Fractals of Change: Microsoft Memories:
So you’re in there presenting your product plan to billg, steveb, and mikemap. Billg typically has his eyes closed and he’s rocking back and forth. He could be asleep; he could be thinking about something else; he could be listening intently to everything you’re saying. The trouble is all are possible and you don’t know which. Obviously, you have to present as if he were listening intently even though you know he isn’t looking at the PowerPoint slides you spent so much time on.
At some point in your presentation billg will say “that’s the dumbest fucking idea I’ve heard since I’ve been at Microsoft.” He looks like he means it. However, since you knew he was going to say this, you can’t really let it faze you. Moreover, you can’t afford to look fazed; remember: he’s a bully.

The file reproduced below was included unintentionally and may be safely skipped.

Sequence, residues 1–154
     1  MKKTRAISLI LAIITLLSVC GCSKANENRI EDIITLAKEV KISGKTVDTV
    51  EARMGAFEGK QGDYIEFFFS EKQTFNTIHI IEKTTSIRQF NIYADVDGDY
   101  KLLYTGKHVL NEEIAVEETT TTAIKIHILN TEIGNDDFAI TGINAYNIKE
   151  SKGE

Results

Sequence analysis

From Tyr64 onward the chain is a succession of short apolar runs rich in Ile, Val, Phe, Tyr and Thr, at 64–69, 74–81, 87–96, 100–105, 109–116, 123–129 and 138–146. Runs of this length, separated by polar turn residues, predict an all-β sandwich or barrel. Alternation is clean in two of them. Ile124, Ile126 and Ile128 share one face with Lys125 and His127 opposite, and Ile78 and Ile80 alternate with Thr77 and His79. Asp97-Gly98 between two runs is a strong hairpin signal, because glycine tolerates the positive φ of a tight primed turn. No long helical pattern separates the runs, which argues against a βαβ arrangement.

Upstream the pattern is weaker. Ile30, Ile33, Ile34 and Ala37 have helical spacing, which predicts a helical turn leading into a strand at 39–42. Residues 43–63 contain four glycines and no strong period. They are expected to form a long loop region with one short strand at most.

“What do you disagree with, Bill?” you ask as assertively as you can. He tells you. Maybe it’s the plan for user interface; maybe it’s the product positioning; maybe it’s the technical approach you’re taking to a problem or your evaluation of the enemy (competition). If you see that your dead wrong – you may be, he’s very smart – best to admit it immediately and move on. But, if he’s wrong – which is also often the case – then you CAN’T give in. You will be just as much blamed for doing the wrong thing because billg told you to as you will be if you did it all on your own. This is the moment of truth for a Microsoft manager.